The past 50 years have seen a catastrophic decline in the planet’s ecosystems and natural environments. Every day at least 32,300 hectares (80,000 acres) of forest vanishes, and the size of wildlife populations has dropped by an average of 60%, according to a headline-grabbing 2018 study by WWF. Moreover, this decline in nature is affecting humans’ quality of life.
To some, this destruction is an unfortunate side effect of human economic development. To others, it’s symbolic of a species out of whack with its surroundings that’s rapidly creating the conditions for catastrophe. But while the debate over the costs and benefits of humanity’s march deeper and deeper into nature rages across the globe, few studies have tried to quantify one of the central questions of that debate: is all this change making us better or worse off?
In a study published last October, a team of researchers working with the Intergovernmental Science-Policy Platform on Biodiversity and Ecosystem Services (IPBES) sought to answer that question. The IPBES is a cooperative intergovernmental body set up by the United Nations in 2012 — similar to the Intergovernmental Panel on Climate Change (IPCC), but with an eye on biodiversity and ecosystem services instead of carbon emissions.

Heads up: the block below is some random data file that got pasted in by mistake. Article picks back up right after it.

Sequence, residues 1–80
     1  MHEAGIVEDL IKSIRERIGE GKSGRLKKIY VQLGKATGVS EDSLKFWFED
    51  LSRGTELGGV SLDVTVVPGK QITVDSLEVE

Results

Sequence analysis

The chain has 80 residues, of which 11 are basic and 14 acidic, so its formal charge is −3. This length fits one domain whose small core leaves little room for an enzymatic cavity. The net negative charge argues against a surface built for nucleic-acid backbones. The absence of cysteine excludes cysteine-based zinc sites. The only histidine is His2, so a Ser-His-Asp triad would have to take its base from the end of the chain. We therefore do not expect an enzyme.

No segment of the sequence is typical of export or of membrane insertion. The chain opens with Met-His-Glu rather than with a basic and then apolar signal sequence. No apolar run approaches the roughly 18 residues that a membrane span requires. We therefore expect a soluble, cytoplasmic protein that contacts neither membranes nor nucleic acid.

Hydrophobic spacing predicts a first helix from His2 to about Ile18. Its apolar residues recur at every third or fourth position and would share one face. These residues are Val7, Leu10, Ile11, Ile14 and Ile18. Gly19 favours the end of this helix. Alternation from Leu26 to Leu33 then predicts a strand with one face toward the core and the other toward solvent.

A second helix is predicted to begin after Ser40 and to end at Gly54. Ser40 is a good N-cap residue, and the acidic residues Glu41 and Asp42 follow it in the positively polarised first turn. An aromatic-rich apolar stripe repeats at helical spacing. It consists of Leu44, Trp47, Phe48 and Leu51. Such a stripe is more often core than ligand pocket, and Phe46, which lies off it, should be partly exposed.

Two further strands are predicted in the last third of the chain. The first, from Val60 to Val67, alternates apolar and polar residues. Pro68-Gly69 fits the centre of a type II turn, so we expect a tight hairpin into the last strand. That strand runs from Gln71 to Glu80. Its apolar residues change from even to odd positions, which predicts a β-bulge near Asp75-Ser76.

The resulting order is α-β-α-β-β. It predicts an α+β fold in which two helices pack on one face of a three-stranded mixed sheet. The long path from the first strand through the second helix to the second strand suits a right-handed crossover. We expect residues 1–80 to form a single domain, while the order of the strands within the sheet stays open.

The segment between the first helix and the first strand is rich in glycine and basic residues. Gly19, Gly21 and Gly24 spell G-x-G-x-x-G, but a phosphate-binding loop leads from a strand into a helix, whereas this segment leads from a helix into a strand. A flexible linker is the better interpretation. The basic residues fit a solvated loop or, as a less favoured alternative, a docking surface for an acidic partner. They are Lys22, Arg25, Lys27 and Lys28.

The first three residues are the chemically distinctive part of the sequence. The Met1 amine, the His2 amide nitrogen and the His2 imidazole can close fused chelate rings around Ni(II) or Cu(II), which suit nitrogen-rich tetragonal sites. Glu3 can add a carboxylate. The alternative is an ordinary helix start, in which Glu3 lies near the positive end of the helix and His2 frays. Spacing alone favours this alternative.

The researchers, representing 12 countries on five continents, reviewed more than 2,000 studies published in scientific journals along with other materials. They found that almost across the board the destruction of the environment is making people worse off, and where the results were mixed, negative impacts were often felt more acutely by lower-income people and in poorer countries.
“We reviewed the science literature that looked at various ways that nature contributes to human well-being, so it was a huge synthesis of existing data, and we were trying to summarise the status and trends of these various benefits that people realise from nature,” said Stephen Polasky, professor of ecological and environmental economics at the University of Minnesota and one of the report’s authors.
To arrive at a coherent data set, Polasky and his colleagues had to find a way to categorize the different ways that other researchers have assessed the benefits of nature in their work. They landed on four categories: “potential contributions” of nature, “realized contributions,” environmental conditions, and impacts on people.